Mark Herrmann

Mark Herrmann is the Chief Counsel – Litigation and Global Chief Compliance Officer at Aon, the world’s leading provider of risk management services, insurance and reinsurance brokerage, and human capital and management consulting. He is the author of The Curmudgeon’s Guide to Practicing Law and Inside Straight: Advice About Lawyering, In-House And Out, That Only The Internet Could Provide (affiliate links). You can reach him by email at [email protected].

Posts by Mark Herrmann

I reported back in October that the New York Times had asked me to write an op-ed piece about the future of big law firms, but a Dealbook special unceremoniously preempted my piece.

I figured the editor at the NYT might think she owed me one, so I cranked out a replacement piece proposing to reform legal education. I’m pleased to report that this op-ed piece was not preempted! No, no, no: It was rejected on the merits. The editor said that my article made too many points and felt like a “report, rather than an opinion piece.”

But she was wrong. And, in any event, you should judge for yourself.

So here’s my recently rejected op-ed piece proposing how we should reform legal education. (I do believe this is the last in my short-lived series of “crap I wrote for the Times that the Times didn’t publish.” It’s an awful lot of work to produce 1,200-word pieces that become mere fodder for another column here at Inside Straight.) . . .

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You really don’t want to be sued in a corrupt, backwater swamp.

No, no! I don’t mean Louisiana! I mean a truly corrupt backwater swamp like, say, Sudan.

(I pick Sudan because it’s subject to sanctions by most first-world countries, so I don’t have to worry about someday being dragged before a Sudanese judge who isn’t tickled by my having called his country a “corrupt, backwater swamp.” I may well pay a price for having tarred Louisiana with that label, but my opening two sentences just wouldn’t have been funny if I hadn’t named a specific state. I’ll have to hope that judges in Louisiana have a sense of humor.)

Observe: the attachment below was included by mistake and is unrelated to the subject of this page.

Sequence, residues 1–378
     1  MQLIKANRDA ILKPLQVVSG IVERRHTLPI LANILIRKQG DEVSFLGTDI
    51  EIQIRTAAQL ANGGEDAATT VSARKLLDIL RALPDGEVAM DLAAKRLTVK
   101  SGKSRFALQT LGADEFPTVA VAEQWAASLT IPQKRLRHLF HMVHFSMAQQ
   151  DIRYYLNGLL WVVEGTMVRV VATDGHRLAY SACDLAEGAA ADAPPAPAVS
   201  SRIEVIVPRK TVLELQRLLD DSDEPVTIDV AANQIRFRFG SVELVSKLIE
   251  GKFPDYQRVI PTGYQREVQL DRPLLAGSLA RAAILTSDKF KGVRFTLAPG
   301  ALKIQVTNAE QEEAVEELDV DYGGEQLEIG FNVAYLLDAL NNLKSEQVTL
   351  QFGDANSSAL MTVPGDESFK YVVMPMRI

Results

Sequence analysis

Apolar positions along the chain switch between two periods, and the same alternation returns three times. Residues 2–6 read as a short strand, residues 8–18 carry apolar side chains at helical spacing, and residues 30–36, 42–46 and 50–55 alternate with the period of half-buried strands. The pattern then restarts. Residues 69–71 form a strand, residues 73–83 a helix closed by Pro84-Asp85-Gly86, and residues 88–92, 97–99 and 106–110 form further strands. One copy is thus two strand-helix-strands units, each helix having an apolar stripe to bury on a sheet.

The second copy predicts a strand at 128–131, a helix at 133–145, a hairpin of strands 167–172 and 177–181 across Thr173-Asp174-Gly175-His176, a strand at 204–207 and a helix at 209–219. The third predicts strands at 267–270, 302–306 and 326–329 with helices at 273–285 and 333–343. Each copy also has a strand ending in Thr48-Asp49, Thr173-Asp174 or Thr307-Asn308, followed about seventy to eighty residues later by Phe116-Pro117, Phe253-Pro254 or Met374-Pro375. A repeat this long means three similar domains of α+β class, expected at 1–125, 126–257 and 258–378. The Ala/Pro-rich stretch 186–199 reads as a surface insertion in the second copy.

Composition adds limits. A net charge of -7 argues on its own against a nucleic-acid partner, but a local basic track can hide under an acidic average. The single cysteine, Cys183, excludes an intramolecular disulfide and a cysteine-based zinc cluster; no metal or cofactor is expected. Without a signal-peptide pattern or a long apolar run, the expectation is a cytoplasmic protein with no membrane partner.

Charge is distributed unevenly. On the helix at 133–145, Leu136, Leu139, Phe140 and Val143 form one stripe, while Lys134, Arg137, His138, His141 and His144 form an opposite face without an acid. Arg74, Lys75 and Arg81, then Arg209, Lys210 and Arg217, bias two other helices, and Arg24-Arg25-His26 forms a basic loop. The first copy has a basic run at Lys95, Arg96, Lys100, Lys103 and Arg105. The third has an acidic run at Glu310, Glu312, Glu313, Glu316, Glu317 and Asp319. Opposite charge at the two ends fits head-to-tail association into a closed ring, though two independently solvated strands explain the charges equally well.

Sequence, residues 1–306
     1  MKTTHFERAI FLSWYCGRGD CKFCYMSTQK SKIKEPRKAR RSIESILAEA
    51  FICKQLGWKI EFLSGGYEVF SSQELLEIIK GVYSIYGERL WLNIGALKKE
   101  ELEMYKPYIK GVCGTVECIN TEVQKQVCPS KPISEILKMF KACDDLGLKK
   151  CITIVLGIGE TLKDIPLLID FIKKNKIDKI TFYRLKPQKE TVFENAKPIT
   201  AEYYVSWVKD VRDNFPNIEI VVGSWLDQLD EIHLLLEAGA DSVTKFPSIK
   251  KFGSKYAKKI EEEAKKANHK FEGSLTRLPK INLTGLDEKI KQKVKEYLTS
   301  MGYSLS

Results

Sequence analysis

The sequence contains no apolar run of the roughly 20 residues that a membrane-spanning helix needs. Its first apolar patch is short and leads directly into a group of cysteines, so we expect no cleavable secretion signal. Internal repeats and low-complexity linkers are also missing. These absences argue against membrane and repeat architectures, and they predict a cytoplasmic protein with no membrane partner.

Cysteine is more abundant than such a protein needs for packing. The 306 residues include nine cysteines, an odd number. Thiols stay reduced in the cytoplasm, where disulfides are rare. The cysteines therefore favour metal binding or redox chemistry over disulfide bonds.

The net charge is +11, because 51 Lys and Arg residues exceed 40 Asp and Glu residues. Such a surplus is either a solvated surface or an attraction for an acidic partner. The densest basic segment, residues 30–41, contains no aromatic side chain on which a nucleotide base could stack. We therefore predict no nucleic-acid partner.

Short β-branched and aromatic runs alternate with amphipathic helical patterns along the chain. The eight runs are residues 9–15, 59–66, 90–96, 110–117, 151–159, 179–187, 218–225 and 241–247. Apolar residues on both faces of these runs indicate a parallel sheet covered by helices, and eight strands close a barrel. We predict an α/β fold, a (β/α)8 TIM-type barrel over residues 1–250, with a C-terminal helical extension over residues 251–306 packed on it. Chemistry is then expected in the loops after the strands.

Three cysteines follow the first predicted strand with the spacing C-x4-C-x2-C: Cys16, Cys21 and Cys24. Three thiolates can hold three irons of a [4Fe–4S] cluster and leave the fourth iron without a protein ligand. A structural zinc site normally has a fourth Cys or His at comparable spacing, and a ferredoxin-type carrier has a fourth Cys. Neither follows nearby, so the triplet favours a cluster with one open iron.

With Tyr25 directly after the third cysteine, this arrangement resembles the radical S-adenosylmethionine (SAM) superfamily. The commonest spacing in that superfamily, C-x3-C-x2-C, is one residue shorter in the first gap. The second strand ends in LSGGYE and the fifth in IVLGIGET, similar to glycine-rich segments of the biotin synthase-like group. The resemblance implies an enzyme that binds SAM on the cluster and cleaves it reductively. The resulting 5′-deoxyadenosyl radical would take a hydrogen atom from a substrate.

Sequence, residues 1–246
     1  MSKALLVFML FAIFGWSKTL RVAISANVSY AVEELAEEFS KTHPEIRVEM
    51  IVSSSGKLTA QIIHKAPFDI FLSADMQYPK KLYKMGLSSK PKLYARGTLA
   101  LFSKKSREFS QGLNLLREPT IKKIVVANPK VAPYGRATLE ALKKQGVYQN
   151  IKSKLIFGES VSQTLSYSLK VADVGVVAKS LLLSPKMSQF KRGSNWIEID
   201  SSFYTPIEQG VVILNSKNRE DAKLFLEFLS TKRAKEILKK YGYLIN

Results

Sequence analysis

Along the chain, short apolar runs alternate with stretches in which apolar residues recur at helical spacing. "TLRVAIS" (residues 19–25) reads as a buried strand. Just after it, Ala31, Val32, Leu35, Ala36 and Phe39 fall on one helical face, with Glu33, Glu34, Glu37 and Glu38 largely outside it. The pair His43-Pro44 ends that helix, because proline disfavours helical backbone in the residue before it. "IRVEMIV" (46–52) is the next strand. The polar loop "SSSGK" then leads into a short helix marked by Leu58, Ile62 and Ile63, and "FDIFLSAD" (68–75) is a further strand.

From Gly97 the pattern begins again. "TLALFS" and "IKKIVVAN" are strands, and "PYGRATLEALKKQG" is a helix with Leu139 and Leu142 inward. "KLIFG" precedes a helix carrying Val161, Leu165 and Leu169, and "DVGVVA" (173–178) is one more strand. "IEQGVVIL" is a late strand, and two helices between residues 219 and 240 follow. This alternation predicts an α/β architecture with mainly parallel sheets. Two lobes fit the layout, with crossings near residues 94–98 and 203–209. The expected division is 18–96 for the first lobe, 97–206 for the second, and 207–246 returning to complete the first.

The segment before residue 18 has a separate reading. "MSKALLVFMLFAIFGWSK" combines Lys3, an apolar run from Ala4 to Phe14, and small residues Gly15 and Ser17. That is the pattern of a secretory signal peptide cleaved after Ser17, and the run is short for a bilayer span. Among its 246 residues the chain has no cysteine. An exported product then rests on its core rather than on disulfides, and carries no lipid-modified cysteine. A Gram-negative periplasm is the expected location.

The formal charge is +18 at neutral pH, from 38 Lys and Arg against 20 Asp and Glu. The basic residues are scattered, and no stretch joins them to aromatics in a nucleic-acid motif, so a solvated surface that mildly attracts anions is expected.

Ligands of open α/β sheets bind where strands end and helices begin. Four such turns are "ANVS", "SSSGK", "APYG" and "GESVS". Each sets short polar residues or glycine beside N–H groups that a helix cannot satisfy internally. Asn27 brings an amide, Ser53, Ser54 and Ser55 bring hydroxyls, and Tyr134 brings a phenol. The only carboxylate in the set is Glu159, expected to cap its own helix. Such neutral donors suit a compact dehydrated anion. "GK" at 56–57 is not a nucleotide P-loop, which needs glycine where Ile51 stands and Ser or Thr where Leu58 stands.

You get sued in Sudan. You hire Sudanese counsel. You probe him about Sudanese substantive law, Sudanese procedure, and whether the Sudanese judicial system can be trusted. He answers your questions about corruption with vague assurances about how he’s a pretty well-connected lawyer, and most judges aren’t too bad, and corruption isn’t quite as rampant as outsiders seem to think. Then he goes on to explaining how he’ll defend your lawsuit.

That advice may be okay as far as it goes, but it’s missing the global perspective. Here’s one place where in-house lawyers — and sophisticated outside counsel — can add real value in litigation….

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I’ve been living in London for almost three months now, so it’s time to declare myself a native. What do natives know about the City?

First: Dryer technology is apparently too tricky for this country. Listen, chaps: A dryer is supposed to dry your clothes.

These folks don’t get it. They’ve invented a washer/dryer thingy: You put your clothes in the machine, press some buttons, and the machine washes your clothes. Without moving your clothes, you then push some more buttons, and the machine spins and makes some noise. At the end of the so-called “dry cycle,” you remove your clothes from the washer/dryer thingy and hang your clothes in the living room to dry.

The United Kingdom is one of eight countries in the world that has successfully detonated a nuclear weapon, but these boys can’t crack dryer technology? What’s up with that?

Hey, maybe that’s an answer! Nuke the friggin’ clothes! They might come out a tad radioactive, but at least they’d be dry, and they wouldn’t be hanging in my living room. Or maybe you could import some dryers from the United States: We’ve got a bunch that work, and we could use the export business.

But dryers are the least of it . . . .

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The case had been tried (to a judge, in a country outside the United States) in 2008.

The potential exposure was, let’s say, material.

One can’t exactly wait with bated breath for four years, but one can be keenly interested in a judge’s decision.

So one can be slightly disappointed when the “re” line of an email from outside counsel reads (in its entirety): “Statement of Decision in BigCo v. YourCo.”

Did we win? No news yet.

Surely the news is just a click away.

But one could be a tad frustrated to read the contents of the email message that followed . . .

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My mother used to tell me: “Do as I say, not as I do.”

Recently, I had an experience with a UK law firm that could have used a conversation with Mom.